Legislative Republicans rolled out a budget plan Thursday that relies on cutting state worker pay, eliminating affordable housing funds and using pots of money dedicated for mental health and childhood development.
Republicans believe their plan eliminates the state's $9.2 billion deficit without new taxes and preserves the same amount of funding for education that existed last year. They say it undercuts Gov. Jerry Brown's argument that voters must pass higher taxes in November to spare schools from deep reductions.
"We are demonstrating that the trigger cuts are targeting students, and that we don't want to use kids as political pawns in the state budget," said Sen. Bill Emmerson, R-Hemet, vice chairman of the Senate budget committee.
Democrats have all but written off Republicans in this year's budget process because they have majority-vote budget authority and are going directly to voters for a tax hike on sales and upper-income earners. Brown has said that if voters reject the tax hike, the state will need to cut about $2.4 billion in K-14 classroom funds, equal to three weeks of school, as well as cut $200 million each from the state's university systems.
Republicans argue that it remains possible to balance the state budget without new taxes as the economy recovers and revenue grows. Many of their proposals are similar to those that Democrats relied upon in the past or have been suggested by the nonpartisan Legislative Analyst's Office.
But they include borrowing and one-time patches that Brown says he wants to stop with his November tax hike. The proposal would also require school districts to continue borrowing about $10 billion annually rather than begin paying down that amount as Brown wants.
Senate President Pro Tem Darrell Steinberg, D-Sacramento, called the GOP proposal a "rehash of some of what we've heard before."
"We believe in the tax package," Steinberg said. "We believe that's a better solution than one-time solutions that don't get us anywhere. Now, we've used them in the past because we didn't have the ability to get a two-thirds vote."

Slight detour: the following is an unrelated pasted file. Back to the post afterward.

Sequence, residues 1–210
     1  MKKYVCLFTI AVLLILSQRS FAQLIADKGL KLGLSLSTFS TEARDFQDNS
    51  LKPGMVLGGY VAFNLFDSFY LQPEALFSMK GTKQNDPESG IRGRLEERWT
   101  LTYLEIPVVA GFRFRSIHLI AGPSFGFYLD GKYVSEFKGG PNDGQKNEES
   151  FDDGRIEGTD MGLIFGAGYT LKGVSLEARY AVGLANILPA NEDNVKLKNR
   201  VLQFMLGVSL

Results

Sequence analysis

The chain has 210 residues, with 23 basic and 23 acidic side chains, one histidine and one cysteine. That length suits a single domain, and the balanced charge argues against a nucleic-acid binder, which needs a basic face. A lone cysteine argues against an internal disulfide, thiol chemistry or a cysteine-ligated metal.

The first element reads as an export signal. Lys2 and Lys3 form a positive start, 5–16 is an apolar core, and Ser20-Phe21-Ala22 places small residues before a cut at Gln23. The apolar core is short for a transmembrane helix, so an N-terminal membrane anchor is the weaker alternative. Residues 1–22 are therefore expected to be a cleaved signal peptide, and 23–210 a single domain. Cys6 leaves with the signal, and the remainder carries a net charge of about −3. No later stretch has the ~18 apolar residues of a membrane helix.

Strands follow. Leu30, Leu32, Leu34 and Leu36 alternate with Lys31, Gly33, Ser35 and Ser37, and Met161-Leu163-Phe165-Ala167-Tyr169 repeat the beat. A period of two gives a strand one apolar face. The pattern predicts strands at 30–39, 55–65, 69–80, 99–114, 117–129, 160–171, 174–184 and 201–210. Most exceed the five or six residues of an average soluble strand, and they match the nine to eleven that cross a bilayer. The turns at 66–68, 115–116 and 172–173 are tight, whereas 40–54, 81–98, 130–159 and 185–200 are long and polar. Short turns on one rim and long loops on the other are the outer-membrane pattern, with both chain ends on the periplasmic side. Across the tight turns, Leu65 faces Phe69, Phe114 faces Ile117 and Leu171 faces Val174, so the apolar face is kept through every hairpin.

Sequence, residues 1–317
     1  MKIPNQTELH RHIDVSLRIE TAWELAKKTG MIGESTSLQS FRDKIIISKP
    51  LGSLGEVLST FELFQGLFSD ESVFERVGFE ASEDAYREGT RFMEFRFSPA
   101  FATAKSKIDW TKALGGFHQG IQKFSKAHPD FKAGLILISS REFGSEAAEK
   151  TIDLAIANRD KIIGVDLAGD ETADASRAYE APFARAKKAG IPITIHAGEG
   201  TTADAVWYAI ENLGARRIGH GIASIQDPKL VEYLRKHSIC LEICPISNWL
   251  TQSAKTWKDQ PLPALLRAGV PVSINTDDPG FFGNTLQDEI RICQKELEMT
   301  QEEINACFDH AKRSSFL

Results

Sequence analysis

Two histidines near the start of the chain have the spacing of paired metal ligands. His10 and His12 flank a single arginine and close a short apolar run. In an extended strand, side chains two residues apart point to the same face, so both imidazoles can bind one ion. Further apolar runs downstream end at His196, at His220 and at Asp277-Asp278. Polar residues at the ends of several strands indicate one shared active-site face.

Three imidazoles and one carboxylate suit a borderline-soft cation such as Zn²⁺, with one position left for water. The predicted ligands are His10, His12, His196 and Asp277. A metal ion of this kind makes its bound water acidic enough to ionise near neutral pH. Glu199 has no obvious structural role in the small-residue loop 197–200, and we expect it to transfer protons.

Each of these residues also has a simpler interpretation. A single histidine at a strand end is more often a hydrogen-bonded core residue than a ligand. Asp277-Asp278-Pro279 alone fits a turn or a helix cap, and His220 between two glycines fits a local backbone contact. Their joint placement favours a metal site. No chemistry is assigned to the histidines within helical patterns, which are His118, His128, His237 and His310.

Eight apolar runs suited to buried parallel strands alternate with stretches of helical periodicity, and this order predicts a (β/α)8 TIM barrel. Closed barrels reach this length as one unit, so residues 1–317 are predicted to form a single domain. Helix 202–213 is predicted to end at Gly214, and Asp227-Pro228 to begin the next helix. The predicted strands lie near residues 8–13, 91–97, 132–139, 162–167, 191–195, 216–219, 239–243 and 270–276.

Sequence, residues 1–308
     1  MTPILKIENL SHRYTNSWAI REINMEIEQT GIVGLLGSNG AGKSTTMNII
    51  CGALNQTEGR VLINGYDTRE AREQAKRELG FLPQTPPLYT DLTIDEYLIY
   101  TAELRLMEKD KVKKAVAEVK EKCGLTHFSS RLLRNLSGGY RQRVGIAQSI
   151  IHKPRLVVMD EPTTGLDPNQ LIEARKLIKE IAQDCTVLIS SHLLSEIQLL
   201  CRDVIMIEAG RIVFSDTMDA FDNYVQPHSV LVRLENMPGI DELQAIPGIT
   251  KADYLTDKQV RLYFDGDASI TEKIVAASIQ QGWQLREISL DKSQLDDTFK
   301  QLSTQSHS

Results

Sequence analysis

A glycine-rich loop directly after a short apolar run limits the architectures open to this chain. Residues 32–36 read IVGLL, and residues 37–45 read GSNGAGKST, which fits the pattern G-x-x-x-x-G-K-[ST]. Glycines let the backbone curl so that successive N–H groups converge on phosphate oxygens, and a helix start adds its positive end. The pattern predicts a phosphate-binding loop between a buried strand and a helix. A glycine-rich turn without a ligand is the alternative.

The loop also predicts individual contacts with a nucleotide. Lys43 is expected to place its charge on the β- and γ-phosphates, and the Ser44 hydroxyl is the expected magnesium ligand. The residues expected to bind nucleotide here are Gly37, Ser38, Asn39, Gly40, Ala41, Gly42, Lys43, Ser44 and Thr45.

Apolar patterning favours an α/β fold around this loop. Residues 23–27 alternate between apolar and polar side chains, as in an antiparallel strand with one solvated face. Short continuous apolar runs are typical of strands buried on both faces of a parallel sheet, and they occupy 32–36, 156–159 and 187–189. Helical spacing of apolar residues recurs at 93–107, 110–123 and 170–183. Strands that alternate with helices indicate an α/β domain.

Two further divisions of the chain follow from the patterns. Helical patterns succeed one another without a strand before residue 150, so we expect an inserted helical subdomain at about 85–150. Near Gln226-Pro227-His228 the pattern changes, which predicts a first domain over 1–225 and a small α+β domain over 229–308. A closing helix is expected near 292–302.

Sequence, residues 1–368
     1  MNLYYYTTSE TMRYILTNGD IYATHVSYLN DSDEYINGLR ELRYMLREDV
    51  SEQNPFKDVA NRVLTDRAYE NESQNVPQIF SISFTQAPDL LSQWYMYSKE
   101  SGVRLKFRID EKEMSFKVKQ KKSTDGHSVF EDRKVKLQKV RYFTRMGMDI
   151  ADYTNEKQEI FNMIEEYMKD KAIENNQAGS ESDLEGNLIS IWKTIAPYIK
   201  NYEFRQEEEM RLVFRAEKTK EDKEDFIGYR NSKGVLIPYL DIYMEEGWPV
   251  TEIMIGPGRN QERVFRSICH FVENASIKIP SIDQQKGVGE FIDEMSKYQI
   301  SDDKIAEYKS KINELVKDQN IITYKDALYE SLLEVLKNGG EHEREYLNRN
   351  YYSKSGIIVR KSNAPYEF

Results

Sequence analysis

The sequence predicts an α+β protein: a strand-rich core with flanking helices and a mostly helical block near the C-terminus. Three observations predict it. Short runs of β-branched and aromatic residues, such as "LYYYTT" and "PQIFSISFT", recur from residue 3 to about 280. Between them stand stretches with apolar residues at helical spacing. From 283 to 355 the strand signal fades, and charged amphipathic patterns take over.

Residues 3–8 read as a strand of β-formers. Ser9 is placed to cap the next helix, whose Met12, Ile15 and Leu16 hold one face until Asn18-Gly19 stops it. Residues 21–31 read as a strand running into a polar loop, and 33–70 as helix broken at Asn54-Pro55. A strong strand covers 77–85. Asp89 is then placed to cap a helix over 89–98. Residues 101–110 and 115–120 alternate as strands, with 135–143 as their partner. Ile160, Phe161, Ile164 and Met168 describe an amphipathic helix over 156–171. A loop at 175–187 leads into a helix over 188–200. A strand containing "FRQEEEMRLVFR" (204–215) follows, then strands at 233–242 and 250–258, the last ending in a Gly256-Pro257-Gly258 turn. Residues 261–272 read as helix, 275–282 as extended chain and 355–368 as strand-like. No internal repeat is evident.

To erase the deficit, Republicans start by embracing Brown's cuts and borrowing. Those include $4.2 billion in spending cuts, such as slashing welfare-to-work by $1 billion, and $1.4 billion in accounting maneuvers and delayed debt repayment. Democrats have already indicated they do not support all of Brown's cuts.
Republicans replace Brown's tax revenue with $4.4 billion in other cuts, transfers and revenue ideas:
$400 million by reducing state worker pay by 4.6 percent, equal to one monthly furlough day. Republicans say the state could save this money by cutting pay, furloughing workers or reducing operating expenses.
$1 billion by eliminating local funds for affordable housing that once came from redevelopment accounts that are expiring. Democrats want to preserve this money for affordable housing, and the Assembly has sent a bill to the Senate to do so.
$1.3 billion by taking money from Proposition 63's tax on millionaires for mental health services.
$226 million by using tobacco tax funds, most of which go toward First 5 early childhood development.
$158 million by cutting hours and wages for In-Home Supportive Services workers.
$316 million by delaying repayment of borrowing from special funds.
$220 million by assuming Brown wins more lawsuits over past budget cuts than he predicts.
$100 million from turning freeway message boards into billboard space.
$200 million from PG&E as a fine for the 2010 San Bruno gas explosion.
GOP leaders said Thursday that Brown and Democrats should adopt these alternate proposals to give school districts assurance that they will not have to cut next school year. Districts issued nearly 20,000 teacher layoff notices as of the March 15 deadline, according to the California Teachers Association, in anticipation that Brown's worst-case scenario may occur.
Republicans also called for a November ballot measure that caps future spending, as well as Brown's pension proposal.
Steinberg and Republicans may agree on one thing that $1 billion in affordable housing money can help patch the state deficit. The money is available after California eliminated redevelopment agencies.
Steinberg said his first preference is to continue using the money for affordable housing. But he has considered the possibility of using it for budget purposes, albeit "in one of the very smallest recesses of my mind," he said.